The luck of the Irish
November 28, 1977. The roundhouse foreman at Stratford has been keeping a tight reign on the two F7s he's wrangled for snowplow duty, but he's finally permitted them to make a trip on train 550, the weekday turn to Goderich. Appropriately enough, it's snowing when 9178, 9179 and GP9 4525 tie onto 550's train in the yard. There's an inch or two on the ground by the time they pump air and pause at the station for orders. Extra 9178 West is heading straight into a lake-effect snow squall. So is the clown in the red VW.
It's a difficult chase. The road conditions are bad and getting worse. The track is good. The timetabled speed limit for the Goderich Sub is 35 mph, but the crew knows what the track is really good for and the needle on the big CP Speed Recorder in the cab of the 9178 is well into the rich side of 35 for mile after mile after mile.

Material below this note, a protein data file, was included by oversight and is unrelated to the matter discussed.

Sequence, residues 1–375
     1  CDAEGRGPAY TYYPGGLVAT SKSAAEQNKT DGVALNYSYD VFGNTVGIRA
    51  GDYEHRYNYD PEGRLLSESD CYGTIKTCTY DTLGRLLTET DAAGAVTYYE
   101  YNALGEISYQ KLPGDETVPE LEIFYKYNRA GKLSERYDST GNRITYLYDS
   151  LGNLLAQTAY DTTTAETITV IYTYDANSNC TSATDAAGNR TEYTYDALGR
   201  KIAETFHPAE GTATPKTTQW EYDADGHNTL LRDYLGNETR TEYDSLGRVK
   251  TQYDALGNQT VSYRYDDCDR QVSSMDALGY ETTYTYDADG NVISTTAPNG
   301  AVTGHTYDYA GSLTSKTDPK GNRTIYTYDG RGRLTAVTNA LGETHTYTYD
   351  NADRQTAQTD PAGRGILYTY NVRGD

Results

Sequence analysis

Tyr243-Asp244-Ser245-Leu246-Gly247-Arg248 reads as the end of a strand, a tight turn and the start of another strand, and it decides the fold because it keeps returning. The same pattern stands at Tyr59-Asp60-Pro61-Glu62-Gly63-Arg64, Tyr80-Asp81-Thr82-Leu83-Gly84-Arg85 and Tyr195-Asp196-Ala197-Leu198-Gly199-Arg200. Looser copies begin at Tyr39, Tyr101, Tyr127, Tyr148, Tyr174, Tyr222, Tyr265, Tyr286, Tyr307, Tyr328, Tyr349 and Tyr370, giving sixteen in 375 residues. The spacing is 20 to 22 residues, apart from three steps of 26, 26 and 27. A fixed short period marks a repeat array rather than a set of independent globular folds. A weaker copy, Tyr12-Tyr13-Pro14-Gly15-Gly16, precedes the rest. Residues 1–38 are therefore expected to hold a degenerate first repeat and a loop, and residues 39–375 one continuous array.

The closer we get to Goderich, the deeper the snow gets. The backroads are drifting in. Snow flies over the hood as the little VW punches its way through. It's tough going, but manageable. Until somewhere east of Goderich.
I should have surrendered and turned back at the sight of the long, deep drift across the road. Hindsight is particularly useless when you're headlight deep in hard-packed snow. So too, are the shovel and stack of tie plates stashed in the trunk for situations like this. Shit happens.
So does the luck of the Irish. I was still assessing the rather grim situation when a county plow — a great big Goderich-built Champion grader — came slogging up the road. The driver will help me out if I have a tow chain.
"How's this?" I wish I had more than a mental image of the look on his face when the massive tow chain from a retired CN RSC13 appeared from the trunk of the little car.
I was mobile within minutes. Shit happens.